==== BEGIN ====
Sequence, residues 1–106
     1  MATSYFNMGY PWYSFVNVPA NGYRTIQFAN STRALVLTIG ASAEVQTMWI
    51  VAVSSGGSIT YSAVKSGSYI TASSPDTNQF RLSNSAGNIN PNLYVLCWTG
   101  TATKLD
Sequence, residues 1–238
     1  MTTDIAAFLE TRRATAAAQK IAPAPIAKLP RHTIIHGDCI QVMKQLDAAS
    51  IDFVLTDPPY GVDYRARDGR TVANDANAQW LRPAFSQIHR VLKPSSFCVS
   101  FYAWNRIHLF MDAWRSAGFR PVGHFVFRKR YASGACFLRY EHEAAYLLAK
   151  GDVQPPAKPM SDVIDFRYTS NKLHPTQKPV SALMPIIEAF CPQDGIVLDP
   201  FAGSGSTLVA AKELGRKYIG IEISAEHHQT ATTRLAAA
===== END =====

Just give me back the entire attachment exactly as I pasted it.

Sequence, residues 1–106
     1  MATSYFNMGY PWYSFVNVPA NGYRTIQFAN STRALVLTIG ASAEVQTMWI
    51  VAVSSGGSIT YSAVKSGSYI TASSPDTNQF RLSNSAGNIN PNLYVLCWTG
   101  TATKLD
Sequence, residues 1–238
     1  MTTDIAAFLE TRRATAAAQK IAPAPIAKLP RHTIIHGDCI QVMKQLDAAS
    51  IDFVLTDPPY GVDYRARDGR TVANDANAQW LRPAFSQIHR VLKPSSFCVS
   101  FYAWNRIHLF MDAWRSAGFR PVGHFVFRKR YASGACFLRY EHEAAYLLAK
   151  GDVQPPAKPM SDVIDFRYTS NKLHPTQKPV SALMPIIEAF CPQDGIVLDP
   201  FAGSGSTLVA AKELGRKYIG IEISAEHHQT ATTRLAAA